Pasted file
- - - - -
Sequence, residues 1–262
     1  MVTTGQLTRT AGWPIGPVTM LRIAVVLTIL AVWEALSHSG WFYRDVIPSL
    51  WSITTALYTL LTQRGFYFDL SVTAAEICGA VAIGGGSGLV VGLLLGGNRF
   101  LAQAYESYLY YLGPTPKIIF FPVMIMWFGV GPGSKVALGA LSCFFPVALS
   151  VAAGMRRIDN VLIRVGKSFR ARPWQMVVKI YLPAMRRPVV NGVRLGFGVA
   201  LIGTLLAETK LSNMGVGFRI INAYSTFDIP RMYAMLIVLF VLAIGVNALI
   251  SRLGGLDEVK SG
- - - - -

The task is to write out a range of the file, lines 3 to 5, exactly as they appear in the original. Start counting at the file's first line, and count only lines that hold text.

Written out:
    51  WSITTALYTL LTQRGFYFDL SVTAAEICGA VAIGGGSGLV VGLLLGGNRF
   101  LAQAYESYLY YLGPTPKIIF FPVMIMWFGV GPGSKVALGA LSCFFPVALS
   151  VAAGMRRIDN VLIRVGKSFR ARPWQMVVKI YLPAMRRPVV NGVRLGFGVA